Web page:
In the heat and humidity of the Louisiana summer Joseph Este battled more than just the sizzling temperatures. Este is a longshot NFL prospect hoping to get the chance to play on Sundays.
But that’s just a small part of his fight.
“I’ve never met anyone in my life like Joe. Until I met Joe.”
Meet Gary Scheffler, the owner and operator of GLS Next Level Performance in Marrero. He’s also the man who helped Este train to get prepared for training camp.
Scheffler took on Este as a favor to his old high school coach Don Cox. But just two weeks into working with him, Scheffler discovered Este’s story, and the two developed a connection that was much deeper than just training.
During his first semester as a football player at UT Martin, Este received a call from his mother that would rock his world.
“One day she called me and said, ‘son, I can’t do this,’ and I’m like, ‘can’t do what?’” Este said following a recent workout. “She’s like, ‘I can’t take care of the boys no more,’ and that was a devastating moment for me because it was like, ‘Okay, no what? They don’t have nowhere else to go.’”
Candrice Este had been taking care of Joseph’s two nephews ever since his sister began struggling with substance abuse. At 22 years old and with his family life in turmoil, Este considered throwing in the towel on his football career.
That’s when Cox, the man Este refers to as “Pops”, stepped in.
“His coach called me first and was like, ‘Joe’s going through some problems. He’s thinking about quitting because of his nephews,” Cox said. “Well, no Joe’s not going to quit. We’re going to find a way.”
As a junior in college Este took in his elementary school-aged nephews, Zachary and Christopher.
“Probably the biggest challenge I faced in my life because (I was not) ready to be an adult, not looking to be an adult, not looking to take care of two little guys every day at a high level,” Este said.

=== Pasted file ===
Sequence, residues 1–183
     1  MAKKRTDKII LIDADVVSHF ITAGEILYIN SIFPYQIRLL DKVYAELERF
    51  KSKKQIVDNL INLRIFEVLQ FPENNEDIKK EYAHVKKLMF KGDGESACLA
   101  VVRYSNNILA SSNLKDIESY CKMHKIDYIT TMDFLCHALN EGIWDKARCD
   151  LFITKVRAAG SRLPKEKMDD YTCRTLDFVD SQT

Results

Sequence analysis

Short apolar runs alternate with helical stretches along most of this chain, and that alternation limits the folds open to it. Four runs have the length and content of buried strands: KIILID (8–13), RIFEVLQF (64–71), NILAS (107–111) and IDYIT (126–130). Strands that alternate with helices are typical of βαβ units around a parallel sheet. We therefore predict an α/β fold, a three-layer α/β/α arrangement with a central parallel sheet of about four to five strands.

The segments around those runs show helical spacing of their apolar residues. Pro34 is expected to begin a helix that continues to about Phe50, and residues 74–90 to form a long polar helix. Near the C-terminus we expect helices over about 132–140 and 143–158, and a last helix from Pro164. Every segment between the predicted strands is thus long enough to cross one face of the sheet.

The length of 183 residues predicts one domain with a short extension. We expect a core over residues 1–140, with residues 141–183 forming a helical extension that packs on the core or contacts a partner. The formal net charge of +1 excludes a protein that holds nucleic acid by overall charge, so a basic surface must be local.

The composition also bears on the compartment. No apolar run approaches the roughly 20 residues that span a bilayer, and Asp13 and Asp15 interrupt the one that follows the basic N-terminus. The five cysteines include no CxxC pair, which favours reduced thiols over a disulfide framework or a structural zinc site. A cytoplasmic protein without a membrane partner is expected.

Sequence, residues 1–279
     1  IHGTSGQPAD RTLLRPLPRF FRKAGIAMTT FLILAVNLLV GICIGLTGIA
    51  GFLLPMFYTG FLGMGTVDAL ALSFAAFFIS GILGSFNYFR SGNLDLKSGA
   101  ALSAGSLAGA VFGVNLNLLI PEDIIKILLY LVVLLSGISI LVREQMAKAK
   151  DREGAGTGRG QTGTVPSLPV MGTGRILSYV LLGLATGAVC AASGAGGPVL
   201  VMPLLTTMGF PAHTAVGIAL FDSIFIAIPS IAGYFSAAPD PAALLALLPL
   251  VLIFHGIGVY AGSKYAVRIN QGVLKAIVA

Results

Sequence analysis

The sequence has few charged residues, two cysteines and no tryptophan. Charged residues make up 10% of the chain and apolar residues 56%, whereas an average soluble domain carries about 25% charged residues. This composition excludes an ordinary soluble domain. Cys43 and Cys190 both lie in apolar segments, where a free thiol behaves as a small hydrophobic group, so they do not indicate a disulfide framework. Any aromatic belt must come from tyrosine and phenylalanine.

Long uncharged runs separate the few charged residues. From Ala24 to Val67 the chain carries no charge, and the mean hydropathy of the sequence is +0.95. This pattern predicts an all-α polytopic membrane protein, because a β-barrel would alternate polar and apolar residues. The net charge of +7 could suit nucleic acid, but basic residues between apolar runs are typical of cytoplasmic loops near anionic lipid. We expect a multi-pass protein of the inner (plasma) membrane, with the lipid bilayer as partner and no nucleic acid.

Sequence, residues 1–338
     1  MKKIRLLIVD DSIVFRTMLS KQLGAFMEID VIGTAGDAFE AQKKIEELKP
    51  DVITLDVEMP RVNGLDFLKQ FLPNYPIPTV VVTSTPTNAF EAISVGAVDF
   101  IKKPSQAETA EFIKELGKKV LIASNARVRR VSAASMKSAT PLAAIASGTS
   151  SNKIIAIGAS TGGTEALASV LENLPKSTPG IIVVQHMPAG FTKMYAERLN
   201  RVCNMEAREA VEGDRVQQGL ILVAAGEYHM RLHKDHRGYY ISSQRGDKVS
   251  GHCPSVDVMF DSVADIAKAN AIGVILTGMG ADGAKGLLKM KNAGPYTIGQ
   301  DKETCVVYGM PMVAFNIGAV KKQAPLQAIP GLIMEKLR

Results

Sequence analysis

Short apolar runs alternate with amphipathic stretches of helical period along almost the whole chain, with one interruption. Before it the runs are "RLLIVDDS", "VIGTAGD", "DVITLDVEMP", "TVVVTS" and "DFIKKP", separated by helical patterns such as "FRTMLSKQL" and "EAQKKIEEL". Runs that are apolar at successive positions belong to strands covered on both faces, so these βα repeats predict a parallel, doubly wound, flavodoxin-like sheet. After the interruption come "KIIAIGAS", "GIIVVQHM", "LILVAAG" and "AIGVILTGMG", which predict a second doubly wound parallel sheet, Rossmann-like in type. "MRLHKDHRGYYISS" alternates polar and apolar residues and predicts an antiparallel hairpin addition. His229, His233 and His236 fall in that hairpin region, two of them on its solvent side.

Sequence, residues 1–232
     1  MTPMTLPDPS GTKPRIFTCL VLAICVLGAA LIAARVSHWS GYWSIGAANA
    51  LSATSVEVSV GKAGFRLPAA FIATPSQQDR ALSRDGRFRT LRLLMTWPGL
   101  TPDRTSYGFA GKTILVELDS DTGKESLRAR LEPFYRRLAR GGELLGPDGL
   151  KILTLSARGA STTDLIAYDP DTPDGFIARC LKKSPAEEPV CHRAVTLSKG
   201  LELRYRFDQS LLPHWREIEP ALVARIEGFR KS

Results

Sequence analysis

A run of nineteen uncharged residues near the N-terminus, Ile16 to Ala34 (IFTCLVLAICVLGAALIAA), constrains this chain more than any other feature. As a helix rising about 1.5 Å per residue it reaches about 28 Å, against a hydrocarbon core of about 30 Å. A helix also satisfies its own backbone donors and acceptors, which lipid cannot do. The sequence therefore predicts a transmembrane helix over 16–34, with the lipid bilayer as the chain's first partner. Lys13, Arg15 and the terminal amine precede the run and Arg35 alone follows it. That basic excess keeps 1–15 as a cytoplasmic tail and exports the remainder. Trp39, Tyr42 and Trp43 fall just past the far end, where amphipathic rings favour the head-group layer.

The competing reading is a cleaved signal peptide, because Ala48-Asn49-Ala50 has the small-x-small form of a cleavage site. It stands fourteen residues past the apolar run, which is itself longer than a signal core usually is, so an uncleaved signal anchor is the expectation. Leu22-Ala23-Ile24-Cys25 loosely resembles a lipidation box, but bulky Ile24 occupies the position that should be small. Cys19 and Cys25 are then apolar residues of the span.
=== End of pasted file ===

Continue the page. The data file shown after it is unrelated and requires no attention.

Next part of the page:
That was just the first piece of heartbreaking news Este would receive from his mother.
Less than a year later he received another phone call from Candrice that would shake his world to its core.
“I got a phone call from a lady crying and I didn’t know who it was,” Este said. “But it was my mother and she was like, ‘I’m homeless.’ I’m like, ‘wait, this isn’t my mom, like, who is it?’”
At the end of the his first season with the Skyhawks Joseph’s mother told him she had been homeless for two years. She had been living out of her truck and sleeping in the parking lot of a Louisiana casino.
Este was forced to grow up once again, taking in his mother as well, all the while remaining a standout on the football field for UT Martin. His performance with the Skyhawks gave him an opportunity to pursue his dream of one day playing in the NFL and being able to provide for the family he loves so much.
Joseph is an inspiration not just to his family, but to his personal trainer as well.
“I started reading into it and the situation and all and it really struck my heart,” Scheffler said. “I’m in recovery also and his sister was going through some struggles, and what he had done for his nephews I had family that helped out with my oldest daughter, so I almost felt like he was supposed to be here at that point.”
His path to the pros was a longshot, Este has always defied the odds. He got invited as a tryout player for Titans’ rookie mini-camp, and after that weekend was one of just five players to receive an undrafted free agent contract and the opportunity to try to make the team in training camp.
The contract was handed to him personally by general manager Jon Robinson.
“Mr. Jon Robinson, he was like, ‘I don’t know why you got all those bags, but you ain’t flying nowhere anytime soon, we’re going to keep you in Nashville,’” Este recalls the moment. “Right then and there it was just a life-changing moment.”
This road of life has detours, roadblocks and dead ends. But Este has navigated them all, and is living out his dream in a NFL training camp.